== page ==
A Review of The Wolf of Wall Street From an Actual Wolf Stockbroker

WolfofWallStreetMartin Scorsese’s “The Wolf of Wall Street” opened this week to much critical acclaim. I haven’t seen it yet, but I wanted to post a review from someone who could verify the film’s authenticity. With that in mind, I’ll now turn it over to today’s guest blogger, a wolf who works in the stock market:  

The Wolf of Wall Street is an inaccurate mess. If you like glamorized Hollywood schlock masquerading as compelling drama, this may be for you. But I can say with absolute certainty that this film literally does nothing to recreate the experience of being an actual wolf on Wall Street.

Let me backtrack a bit. For the past 15 years, I’ve been the most successful wolf stockbroker in New York City. Growing up as a young pup in the wilderness of northern Canada, I wanted nothing more than to move to the Big Apple and enter the world of high finance. While my friends hunted rabbits in the forest I was going into town searching garbage cans for copies of the Wall Street Journal. I would even steal hair gel from CVS so I could slick my hair back like Gordon Gekko.

My friends said I was crazy. I can still hear them: “No landlord will lease a New York City apartment to a wolf.” “No respectable men’s clothier will tailor a suit for a wolf.” “No stockbroker will trade with a wolf, they’ll just cower in fear because you are a terrifying apex predator.” Well, I proved them all wrong, and now I have a Manhattan penthouse full of wolf whores and blow to prove it.

Let’s start with Scorsese’s most obvious blunder: despite the name, the title character isn’t even a wolf. Talk about false advertising. The protagonist is literally just a human being with nary a lupine quality. Ever hear of Chekov’s gun, Scorsese? At least make him a werewolf or something. I mean, maybe they were going for some metaphor comparing DiCaprio’s character to a wolf, but how the hell would I know? I can’t comprehend metaphors. I am a wolf.

There are so many unique aspects of being a wolf navigating NASDAQ – adapting from the laid-back forest lifestyle to the fast paced city life, pissing on computers in a misguided attempt to mark your territory, mange – and the film depicts none of them. I mean, a movie about a wolf stockbroker practically writes itself. Shit, a movie about my experience renting a UHaul to move into my first shithole apartment in Queens would be more watchable than this dreck. The guy at the UHaul office was so terrified he gave me like, 8 free boxes.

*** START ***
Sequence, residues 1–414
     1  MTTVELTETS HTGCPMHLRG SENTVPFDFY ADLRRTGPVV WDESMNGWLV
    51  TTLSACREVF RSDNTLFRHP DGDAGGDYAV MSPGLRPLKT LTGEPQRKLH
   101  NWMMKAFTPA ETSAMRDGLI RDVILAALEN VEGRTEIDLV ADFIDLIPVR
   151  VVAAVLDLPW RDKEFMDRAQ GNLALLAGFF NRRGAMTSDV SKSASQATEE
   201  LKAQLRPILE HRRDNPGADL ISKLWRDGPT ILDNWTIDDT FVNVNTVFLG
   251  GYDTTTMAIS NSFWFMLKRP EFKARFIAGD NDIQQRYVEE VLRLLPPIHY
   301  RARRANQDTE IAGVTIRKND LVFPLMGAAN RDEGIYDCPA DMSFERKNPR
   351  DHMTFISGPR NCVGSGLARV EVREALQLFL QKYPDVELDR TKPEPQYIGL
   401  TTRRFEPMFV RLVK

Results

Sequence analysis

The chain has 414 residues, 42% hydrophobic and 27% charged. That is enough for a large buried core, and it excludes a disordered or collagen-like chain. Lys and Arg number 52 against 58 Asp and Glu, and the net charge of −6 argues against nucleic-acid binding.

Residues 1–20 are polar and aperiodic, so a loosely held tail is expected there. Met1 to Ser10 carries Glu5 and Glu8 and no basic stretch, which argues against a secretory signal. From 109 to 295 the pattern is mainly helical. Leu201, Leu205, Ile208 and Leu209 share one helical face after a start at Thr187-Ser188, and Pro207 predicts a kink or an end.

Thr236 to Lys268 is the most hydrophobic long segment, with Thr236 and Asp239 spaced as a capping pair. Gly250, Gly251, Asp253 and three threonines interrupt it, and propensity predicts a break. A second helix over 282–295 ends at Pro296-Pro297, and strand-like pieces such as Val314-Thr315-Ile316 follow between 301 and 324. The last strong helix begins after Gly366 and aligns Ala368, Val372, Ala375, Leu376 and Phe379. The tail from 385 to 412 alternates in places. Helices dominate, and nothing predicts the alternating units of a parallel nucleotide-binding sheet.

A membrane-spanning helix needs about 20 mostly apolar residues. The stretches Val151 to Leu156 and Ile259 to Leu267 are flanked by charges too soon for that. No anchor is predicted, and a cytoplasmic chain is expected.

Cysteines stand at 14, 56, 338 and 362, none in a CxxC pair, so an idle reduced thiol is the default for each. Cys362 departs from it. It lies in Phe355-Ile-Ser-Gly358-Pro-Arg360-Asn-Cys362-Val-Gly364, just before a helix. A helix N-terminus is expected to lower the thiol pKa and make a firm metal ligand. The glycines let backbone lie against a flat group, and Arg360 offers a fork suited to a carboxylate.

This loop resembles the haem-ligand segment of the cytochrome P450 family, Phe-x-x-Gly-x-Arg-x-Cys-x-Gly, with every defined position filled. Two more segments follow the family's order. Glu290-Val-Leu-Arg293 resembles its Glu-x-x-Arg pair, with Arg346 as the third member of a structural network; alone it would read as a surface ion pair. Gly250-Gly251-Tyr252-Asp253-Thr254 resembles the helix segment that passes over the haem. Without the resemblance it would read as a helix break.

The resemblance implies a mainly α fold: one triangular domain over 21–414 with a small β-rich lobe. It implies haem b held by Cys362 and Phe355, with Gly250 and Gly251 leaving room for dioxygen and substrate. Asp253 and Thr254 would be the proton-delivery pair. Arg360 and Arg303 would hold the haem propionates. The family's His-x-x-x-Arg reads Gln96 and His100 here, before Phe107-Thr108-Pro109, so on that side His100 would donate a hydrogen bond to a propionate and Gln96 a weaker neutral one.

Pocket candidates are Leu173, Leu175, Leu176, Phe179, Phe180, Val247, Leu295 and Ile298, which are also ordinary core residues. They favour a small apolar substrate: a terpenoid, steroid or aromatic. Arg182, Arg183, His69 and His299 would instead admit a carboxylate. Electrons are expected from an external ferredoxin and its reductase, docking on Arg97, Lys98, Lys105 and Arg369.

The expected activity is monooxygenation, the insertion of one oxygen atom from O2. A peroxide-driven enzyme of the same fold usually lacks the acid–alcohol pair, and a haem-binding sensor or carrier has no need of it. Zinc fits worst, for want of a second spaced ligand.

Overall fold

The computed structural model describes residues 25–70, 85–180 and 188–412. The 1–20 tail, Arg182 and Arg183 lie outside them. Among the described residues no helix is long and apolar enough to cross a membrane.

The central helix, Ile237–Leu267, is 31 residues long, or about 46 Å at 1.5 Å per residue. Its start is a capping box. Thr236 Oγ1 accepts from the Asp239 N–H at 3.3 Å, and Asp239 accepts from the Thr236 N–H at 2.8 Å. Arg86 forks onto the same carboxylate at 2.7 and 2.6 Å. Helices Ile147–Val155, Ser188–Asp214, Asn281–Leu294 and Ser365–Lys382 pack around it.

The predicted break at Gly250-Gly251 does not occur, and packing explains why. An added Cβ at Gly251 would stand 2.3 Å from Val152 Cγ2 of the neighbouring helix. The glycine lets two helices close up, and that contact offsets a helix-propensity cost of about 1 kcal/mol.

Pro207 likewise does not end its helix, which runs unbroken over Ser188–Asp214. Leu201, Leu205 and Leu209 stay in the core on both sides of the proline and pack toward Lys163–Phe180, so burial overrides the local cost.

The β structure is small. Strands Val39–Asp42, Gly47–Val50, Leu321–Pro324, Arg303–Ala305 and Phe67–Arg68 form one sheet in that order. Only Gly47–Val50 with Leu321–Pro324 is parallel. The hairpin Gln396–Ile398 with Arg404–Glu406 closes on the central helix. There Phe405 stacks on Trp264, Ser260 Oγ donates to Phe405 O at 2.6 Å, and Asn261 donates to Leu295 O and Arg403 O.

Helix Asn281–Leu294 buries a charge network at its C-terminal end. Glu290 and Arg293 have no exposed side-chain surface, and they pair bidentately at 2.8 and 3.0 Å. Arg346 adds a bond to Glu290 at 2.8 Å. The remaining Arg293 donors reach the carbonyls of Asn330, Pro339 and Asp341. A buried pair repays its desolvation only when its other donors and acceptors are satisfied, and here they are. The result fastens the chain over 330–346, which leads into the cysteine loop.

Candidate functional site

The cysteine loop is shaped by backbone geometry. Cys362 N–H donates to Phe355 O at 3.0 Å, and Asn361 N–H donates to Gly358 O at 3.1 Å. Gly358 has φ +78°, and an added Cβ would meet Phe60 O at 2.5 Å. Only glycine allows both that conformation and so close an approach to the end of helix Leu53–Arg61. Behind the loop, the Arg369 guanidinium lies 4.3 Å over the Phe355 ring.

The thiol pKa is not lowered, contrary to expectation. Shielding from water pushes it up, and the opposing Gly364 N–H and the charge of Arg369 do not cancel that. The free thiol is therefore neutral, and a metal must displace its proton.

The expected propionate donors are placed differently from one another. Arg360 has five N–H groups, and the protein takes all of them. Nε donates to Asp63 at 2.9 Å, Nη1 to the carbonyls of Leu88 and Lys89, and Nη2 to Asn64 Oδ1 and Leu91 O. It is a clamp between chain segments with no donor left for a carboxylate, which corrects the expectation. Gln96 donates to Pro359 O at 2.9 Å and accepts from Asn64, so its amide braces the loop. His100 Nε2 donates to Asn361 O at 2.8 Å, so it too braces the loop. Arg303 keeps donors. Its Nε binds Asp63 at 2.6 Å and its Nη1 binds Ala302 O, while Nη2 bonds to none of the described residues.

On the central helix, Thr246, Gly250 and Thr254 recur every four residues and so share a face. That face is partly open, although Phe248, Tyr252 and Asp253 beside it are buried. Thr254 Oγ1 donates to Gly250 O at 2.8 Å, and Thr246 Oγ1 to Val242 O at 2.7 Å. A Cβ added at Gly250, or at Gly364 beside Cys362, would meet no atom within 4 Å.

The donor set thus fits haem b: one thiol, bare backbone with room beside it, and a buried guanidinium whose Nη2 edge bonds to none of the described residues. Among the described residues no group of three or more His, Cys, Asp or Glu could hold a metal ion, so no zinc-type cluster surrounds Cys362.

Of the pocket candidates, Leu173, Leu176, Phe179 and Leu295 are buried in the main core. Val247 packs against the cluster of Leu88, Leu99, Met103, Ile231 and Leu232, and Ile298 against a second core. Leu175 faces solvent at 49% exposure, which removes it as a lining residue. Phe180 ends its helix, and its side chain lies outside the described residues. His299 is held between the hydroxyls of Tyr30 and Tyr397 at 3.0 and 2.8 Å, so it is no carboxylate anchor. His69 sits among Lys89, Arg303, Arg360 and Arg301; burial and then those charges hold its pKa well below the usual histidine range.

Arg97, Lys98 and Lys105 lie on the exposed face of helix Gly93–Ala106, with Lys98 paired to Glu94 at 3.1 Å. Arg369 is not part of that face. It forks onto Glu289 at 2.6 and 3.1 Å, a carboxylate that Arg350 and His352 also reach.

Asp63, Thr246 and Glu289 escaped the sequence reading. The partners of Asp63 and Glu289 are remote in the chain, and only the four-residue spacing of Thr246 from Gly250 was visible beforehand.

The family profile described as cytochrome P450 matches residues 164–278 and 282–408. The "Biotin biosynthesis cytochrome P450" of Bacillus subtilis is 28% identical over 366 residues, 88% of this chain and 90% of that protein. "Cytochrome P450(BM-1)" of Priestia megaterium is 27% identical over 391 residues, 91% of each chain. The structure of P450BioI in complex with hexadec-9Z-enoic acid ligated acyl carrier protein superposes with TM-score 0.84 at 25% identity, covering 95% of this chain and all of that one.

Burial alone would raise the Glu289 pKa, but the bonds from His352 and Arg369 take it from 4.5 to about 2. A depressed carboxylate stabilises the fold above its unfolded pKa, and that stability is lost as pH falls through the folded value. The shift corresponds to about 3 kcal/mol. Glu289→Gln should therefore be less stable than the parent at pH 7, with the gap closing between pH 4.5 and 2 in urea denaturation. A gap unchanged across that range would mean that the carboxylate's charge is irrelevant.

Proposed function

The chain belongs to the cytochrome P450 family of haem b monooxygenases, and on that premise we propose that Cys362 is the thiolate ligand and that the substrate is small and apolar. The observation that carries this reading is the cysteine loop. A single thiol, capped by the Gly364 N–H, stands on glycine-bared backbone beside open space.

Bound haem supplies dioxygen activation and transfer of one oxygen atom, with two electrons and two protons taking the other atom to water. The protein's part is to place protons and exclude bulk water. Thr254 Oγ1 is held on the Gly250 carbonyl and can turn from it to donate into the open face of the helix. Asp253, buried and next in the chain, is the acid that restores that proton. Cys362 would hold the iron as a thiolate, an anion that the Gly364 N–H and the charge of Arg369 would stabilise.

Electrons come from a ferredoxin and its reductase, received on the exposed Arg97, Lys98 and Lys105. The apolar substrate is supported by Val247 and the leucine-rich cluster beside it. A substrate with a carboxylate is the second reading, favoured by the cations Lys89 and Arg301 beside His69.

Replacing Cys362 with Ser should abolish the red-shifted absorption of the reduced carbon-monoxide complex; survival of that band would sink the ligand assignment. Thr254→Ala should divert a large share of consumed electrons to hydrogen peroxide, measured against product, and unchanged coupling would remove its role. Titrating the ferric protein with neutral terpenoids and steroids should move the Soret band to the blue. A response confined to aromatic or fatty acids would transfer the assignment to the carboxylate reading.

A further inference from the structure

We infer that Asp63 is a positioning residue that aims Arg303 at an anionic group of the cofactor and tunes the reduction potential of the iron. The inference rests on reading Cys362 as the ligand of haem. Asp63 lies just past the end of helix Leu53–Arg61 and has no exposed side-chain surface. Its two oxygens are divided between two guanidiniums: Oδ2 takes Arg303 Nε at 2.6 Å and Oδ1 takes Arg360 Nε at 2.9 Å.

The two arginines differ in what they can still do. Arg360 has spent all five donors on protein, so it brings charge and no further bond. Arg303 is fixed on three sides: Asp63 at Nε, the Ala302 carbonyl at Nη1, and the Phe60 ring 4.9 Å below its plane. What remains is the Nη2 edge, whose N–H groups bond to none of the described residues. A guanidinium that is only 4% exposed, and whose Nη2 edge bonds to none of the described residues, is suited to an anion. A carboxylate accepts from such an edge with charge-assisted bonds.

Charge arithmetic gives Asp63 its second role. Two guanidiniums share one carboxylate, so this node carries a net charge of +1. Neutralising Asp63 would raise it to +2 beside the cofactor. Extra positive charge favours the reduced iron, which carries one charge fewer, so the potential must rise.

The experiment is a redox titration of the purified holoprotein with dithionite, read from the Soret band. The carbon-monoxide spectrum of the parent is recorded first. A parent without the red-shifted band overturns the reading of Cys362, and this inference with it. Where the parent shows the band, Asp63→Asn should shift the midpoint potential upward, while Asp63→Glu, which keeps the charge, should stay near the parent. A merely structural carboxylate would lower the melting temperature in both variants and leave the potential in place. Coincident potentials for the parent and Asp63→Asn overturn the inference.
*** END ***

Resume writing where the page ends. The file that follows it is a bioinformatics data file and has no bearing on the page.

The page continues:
Wolves are rarely portrayed positively on film – we’re still trying to recover from the PR nightmare caused by that Liam Neeson piece of shit The Grey – so this one had me hopeful. So hopeful, in fact, that I invited a bunch of my wolf buddies to Manhattan to see this in an actual New York movie theater. The film would serve as both a validation of my lifestyle as well as an affirmation for wolves everywhere who aspire to do more than just live in the woods and scare the shit out of deer. So you can imagine my embarrassment when it didn’t contain one fucking wolf. My friends were so mad they immediately left the theater and ate some guy running a falafel cart.

The thing is, I know this shouldn’t bother me. I’m the quintessential alpha wolf. I drive a BMW. Last week I played squash with Bloomberg. I wear blue dress shirts with white cufflinks. I have a beautiful wolf wife, a litter of pups, and an even hotter wolf mistress who I take out to my place in the Hamptons. Well,  I don’t really own it, but whenever we show up the people who do get so scared they flee in horror so we have our run of the place. The point is I have a great life and I should be happy with that. But I feel like I had one chance to have my story told, and this was it.

Shame on you, Martin Scorsese. Suck all seven of my nipples. If I see you on the street, I’m viciously attacking you. Mainly because I’m pissed about the movie, but also because given the opportunity a wolf is a wild animal who will eat a person 10 times out of 10.

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